POTOMAC -- The eagles landed yesterday in the second round of the Kemper Open, two dozen of them all over the TPC at Avenel. They included three holes-in-one and were part of a record-setting, red-number day on which Fred Funk stretched his opening round lead from one shot to three.
Funk had none of the eagles, and was only a witness to Justin Leonard's hole-in-one. But the former University of Maryland golf coach had five birdies in a 5-under par round of 66 that gave him a 36-hole tournament record of 12-under 130.
With it, Funk leads three players, Australians Craig Parry and Stuart Appleby as well as Chris DiMarco by three shots. Rookie Brad Elder, who along with Appleby matched the course-record of 8-under par 63, is four shots behind.
"It's unusual to see all the holes-in-one," said Funk. "Usually if you have one in a tournament, it's a lot. But to have three, and [Thursday's] double-eagle [by Woody Austin], it's the kind of course that sets up for dramatics."
The three holes-in-one -- by Leonard and Brian Kamm at the 202-yard 17th and by Mike Weir at the 165-yard 11th -- were one short of a PGA Tour record, set in the 1989 U.S. Open at Oak Hill. Appleby's 29 was also a competitive back-nine record at Avenel.
"It wasn't very tough because there wasn't any wind," said Appleby, 27, who had one of the eagles. "If you haven't any wind, you can hit the same shots over and over again. The course was very easy."
Three days removed from corrective laser surgery on his eyes and two years removed from the last of his four PGA Tour victories, Funk has hit the same kind of shots during the first two rounds. A player who has struggled with his putting the past two years has figured out the fast greens.
Starting out on the 10th tee yesterday, Funk made a 5-footer on the par-4 12th to go to 8-under and a 20-footer on the par-4 15th to tie Parry for the lead at 9-under. Funk then took the lead with another 20-footer on the par-5 second hole. He made a 25-footer on the par-3 third hole and a 12-footer on the par-4 seventh.
"I was conscious of staying patient, but I wanted to separate myself from the field a little bit," said Funk, 41. "Even though it's only Friday, I don't think you can ever have enough birdies in the bank. I like to make a lot of deposits early and keep them going because you never know."
It marks the first time in four years that Funk has made the cut at what amounts to his hometown tournament, and the first time he has ever been in contention at the Kemper Open. With cheers of "Go Terps" following him around the course, Funk has a chance to make this a happy homecoming.
It has allowed Funk to make jokes at his own expense.
"Usually I get a pretty good following that starts out, and by the fourth or fifth hole, everybody leaves because I'm already 3-over," said Funk, who has finished no higher than a tie for 27th here. "They go watch somebody else."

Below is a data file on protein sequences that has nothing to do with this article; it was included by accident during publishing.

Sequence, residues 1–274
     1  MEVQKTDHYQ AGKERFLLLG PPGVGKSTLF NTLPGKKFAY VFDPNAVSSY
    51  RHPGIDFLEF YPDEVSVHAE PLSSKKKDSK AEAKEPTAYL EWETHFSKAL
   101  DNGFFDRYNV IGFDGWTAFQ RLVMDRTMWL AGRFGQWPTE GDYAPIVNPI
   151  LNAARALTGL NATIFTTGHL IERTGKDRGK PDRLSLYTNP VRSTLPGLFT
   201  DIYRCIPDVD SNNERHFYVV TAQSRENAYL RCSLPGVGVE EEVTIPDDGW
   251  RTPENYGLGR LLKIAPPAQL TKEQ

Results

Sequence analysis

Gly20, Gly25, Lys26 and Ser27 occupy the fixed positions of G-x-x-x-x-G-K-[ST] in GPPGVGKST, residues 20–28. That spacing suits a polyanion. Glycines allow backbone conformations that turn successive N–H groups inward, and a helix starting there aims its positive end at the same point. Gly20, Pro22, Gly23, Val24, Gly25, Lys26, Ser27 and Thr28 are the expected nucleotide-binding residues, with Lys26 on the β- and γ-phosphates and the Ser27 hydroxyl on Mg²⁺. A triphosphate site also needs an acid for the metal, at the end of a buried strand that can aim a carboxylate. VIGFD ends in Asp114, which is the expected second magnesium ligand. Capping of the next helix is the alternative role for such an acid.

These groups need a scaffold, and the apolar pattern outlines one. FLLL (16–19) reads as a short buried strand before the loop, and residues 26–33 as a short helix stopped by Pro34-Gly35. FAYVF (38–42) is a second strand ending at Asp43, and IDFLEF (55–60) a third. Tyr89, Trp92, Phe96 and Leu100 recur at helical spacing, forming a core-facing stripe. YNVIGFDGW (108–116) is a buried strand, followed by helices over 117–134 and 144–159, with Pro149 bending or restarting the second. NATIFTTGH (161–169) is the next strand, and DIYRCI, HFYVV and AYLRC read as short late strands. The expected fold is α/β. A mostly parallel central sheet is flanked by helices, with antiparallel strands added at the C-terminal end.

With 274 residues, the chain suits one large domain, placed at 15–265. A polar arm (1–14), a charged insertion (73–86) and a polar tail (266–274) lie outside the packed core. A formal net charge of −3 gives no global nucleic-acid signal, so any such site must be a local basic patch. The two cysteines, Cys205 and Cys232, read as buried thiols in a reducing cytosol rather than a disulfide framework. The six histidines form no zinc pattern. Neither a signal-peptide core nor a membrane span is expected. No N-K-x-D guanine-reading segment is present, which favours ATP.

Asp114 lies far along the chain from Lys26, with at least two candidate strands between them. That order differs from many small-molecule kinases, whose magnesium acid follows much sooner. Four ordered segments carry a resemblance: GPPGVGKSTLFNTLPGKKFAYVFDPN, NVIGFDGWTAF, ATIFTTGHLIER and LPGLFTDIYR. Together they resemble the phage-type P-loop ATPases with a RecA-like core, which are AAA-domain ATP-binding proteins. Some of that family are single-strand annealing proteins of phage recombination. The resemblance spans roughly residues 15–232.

The crowds have been with Funk since the beginning of the tournament, at first mostly to watch Leonard. The tournament's defending champion could even be closer, considering that his 4-under 67 yesterday included three-putting from 5 feet for double-bogey on the par-4 10th hole and failing to get up-and-down on the par-4 at the fourth hole later on.
But a 2-foot birdie on his final hole left Leonard five shots behind, the same position he was to start the last round a year ago when he beat Mark Wiebe by a shot. In fact, Leonard also won last summer's British Open and this year's Tournament Players Championship by coming back from the same deficit.
Asked if he has found his comfort zone, Leonard smiled.
"I felt like I came back from a tough start," said the 25-year-old Texan. "I caught a couple of funny breaks on the front side. Hopefully, I got it out of me. I need to play pretty good the next two days, watching the way Freddie is playing."
The hole-in-one by Leonard was his fourth in competition, his second on the PGA Tour. It came after Kamm had aced the same hole and before Weir made his. After the ball dropped in the cup, Leonard raised his arms and then bowed deeply to the crowd.
"My caddie said, 'Just get it in the air,' " said Leonard. "It came off solid and it went in."
Funk and Scott Simpson, the other member of the threesome, high-fived Leonard. Simpson threw down his club in mock disgust after his ball landed 25 feet away. Funk offered his to Leonard to hit in his place, then hit his tee shot 15 feet away.
"It was electric out there with so many people," said Funk. "It was phenomenal. I was telling Justin, 'This is kind of weird, but when you hit that, I thought it was in the hole.' I didn't even see the ball yet. It just sounded so crisp. I knew it was on-line. Then when I looked up and saw where it was going to land, I said, 'That's probably going in.' "
Another eagle had landed, one of two dozen that swarmed the TPC at Avenel for the second round of the Kemper Open.
Pub Date: 6/06/98